OPINION — Virginia has transformed quickly to a progressive state
Even the most ardent opponents of Virginia Gov. Ralph Northam’s administration must have some amount of respect for the magnitude of change that has been accomplished during his tenure, particularly during this last session of the General Assembly.
While the Republican members of the legislature, who typically expound upon their political philosophies on this page, have not had many good things to say about the changes brought about by the Democrat-control General Assembly, this wave of transformation has swept over the state in fairly short order. The Democrats have certainly not wasted their time in the majority fighting cultural wars about which bathroom people can use.
If you told a Virginian in November of 2006, after the state approved a constitutional amendment banning same-sex marriage, that in just 15 years the state would get rid of the death penalty, legalize simple possession of marijuana and not allow discrimination due to sexual orientation it would have seemed unreal. In just a short period of time, Virginia state’s government has gone from a body beholden to the interests of tobacco companies with an unexplainable attachment to all things Confederate, to one of the most progressive states in the south.
The past year’s work has been done in the middle of the pandemic with a significant portion of state government resources being used to keep Virginian’s healthy and speed along the process of vaccinations. The era can be compared to President Abraham Lincoln’s work that kept the nation moving forward with the establishment of the income tax, the national banking system and the Pacific Railway Act which began the transcontinental railway all while forces were literally ripping the country apart.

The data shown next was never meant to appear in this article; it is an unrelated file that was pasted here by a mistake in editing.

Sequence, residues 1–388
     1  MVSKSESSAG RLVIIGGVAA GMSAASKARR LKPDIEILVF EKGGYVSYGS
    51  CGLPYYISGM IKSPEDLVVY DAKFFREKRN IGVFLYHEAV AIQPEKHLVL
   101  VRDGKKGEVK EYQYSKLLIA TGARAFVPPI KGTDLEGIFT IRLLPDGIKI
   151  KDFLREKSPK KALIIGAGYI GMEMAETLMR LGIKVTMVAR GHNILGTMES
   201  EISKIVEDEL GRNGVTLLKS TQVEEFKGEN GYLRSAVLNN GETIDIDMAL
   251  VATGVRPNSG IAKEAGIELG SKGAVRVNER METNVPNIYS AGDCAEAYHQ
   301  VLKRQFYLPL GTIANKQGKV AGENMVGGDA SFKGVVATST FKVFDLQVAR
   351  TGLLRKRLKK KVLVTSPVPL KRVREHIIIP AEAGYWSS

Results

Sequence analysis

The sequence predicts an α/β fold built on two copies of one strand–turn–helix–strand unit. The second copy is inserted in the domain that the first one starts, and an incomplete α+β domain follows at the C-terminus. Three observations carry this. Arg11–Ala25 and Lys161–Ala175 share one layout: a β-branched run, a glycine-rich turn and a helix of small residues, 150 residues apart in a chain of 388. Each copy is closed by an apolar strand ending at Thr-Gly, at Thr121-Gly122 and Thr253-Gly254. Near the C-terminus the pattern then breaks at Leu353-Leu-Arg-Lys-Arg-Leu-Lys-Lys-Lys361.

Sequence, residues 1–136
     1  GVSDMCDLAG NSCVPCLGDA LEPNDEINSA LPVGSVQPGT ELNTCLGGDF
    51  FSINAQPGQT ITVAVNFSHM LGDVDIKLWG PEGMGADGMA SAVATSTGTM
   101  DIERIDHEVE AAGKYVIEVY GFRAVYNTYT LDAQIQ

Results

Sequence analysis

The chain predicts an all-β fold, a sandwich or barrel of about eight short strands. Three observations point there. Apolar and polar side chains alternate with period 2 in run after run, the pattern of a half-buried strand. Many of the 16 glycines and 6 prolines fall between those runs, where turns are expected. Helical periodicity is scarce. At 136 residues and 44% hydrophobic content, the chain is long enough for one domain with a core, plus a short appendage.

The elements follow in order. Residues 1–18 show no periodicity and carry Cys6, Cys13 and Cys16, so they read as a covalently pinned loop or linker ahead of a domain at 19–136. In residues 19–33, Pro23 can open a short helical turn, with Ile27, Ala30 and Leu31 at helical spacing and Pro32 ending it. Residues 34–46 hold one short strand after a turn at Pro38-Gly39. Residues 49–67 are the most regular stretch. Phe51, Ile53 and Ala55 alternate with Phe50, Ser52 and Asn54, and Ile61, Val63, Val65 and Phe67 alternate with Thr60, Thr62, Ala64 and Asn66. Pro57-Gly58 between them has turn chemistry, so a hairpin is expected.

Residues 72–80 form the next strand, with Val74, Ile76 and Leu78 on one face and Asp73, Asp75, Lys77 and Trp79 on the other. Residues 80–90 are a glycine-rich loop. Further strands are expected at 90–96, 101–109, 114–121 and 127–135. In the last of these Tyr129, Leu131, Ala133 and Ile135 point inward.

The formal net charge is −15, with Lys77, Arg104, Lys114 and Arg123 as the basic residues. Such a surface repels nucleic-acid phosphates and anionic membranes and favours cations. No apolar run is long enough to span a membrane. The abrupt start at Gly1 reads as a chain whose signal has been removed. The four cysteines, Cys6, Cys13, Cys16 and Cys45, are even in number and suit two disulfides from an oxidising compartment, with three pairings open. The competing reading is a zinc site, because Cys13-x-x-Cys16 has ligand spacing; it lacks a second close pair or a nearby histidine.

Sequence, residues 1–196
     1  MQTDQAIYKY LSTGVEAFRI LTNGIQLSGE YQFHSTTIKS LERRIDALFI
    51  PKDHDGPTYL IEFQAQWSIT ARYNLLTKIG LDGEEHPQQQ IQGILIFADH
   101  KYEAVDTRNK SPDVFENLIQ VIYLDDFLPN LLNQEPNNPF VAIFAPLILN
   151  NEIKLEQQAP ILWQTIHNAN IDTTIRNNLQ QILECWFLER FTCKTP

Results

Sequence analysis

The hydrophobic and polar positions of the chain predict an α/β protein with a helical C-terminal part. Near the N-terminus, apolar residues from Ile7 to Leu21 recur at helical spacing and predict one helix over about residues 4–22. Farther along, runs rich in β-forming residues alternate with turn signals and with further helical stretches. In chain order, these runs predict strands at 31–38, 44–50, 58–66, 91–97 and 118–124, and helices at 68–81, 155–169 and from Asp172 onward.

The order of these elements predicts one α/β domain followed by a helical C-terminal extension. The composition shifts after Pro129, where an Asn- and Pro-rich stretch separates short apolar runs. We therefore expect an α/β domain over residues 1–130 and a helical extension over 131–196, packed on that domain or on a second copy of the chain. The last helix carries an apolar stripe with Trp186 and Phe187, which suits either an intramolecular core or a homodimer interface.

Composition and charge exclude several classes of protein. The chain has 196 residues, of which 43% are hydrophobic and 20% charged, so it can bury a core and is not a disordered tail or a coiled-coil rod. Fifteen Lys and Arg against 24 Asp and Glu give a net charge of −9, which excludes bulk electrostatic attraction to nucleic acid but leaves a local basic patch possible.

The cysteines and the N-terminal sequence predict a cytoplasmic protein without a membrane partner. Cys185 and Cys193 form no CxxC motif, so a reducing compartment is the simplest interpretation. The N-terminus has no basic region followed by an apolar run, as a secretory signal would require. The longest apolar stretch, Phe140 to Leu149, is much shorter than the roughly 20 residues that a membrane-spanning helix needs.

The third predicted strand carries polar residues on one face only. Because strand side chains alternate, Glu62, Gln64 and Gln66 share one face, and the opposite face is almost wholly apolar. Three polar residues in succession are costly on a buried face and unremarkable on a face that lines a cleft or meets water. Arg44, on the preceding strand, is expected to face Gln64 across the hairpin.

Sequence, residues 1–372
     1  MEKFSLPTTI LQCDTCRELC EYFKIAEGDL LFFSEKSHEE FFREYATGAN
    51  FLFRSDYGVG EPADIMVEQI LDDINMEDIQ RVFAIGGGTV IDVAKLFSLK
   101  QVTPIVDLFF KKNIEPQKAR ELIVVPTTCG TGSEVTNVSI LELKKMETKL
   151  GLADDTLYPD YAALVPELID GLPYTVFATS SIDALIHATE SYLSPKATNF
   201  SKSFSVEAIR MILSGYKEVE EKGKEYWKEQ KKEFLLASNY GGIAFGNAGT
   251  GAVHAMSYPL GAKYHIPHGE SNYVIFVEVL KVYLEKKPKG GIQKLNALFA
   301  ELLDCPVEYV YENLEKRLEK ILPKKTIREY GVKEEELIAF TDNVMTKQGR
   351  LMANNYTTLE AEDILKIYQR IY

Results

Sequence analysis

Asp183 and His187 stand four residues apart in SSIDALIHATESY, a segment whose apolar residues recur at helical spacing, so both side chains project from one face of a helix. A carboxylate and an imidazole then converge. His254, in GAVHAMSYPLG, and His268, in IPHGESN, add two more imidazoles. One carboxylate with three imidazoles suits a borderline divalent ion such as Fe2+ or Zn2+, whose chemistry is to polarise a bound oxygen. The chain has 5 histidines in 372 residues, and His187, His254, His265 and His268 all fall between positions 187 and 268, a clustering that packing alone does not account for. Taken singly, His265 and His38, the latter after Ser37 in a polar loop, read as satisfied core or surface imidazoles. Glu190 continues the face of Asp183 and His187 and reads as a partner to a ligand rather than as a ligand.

The Northam administration has certainly not been perfect. The parole board controversy should be fully investigated. A centralized state-wide vaccination website and hotline should have gone online weeks before it actually became active and there should have been more state guidance concerning when and how schools should return to in-person learning.
Also, the disconnect between the more populated areas of Virginia such as Northern Virginia, Richmond and Tidewater and rural Virginia has grown exponentially larger. Successful state candidates in the upcoming elections will have to effectively explain to rural Virginia how this new progressive Virginia can benefit them.
But overall, this era of Virginia politics will be highlighted by the state deciding to stop killing people on death row and the decision to discontinue prosecuting charges for simple of possession of marijuana. Along with the marijuana decision comes the end of prison sentence for using the drug and the expungement of charges.
There is still more to do.
The elimination of mandatory minimum sentencing failed this past session. It is time to get sentencing controls out of the legislature and back in the hand of judges with first-hand knowledge of the cases before them. Giving the voters an opportunity to take the same-sex marriage amendment off the books should be done. Increases to the minimum wage should continue and paid sick leave should be required of every employer.
The amount of change and speed of the process that has transformed Virginia over the past two years has proven government can make substantial changes quickly.
Now, if we could just get this type of progress and change to occur at the federal level, that would be truly transformative.
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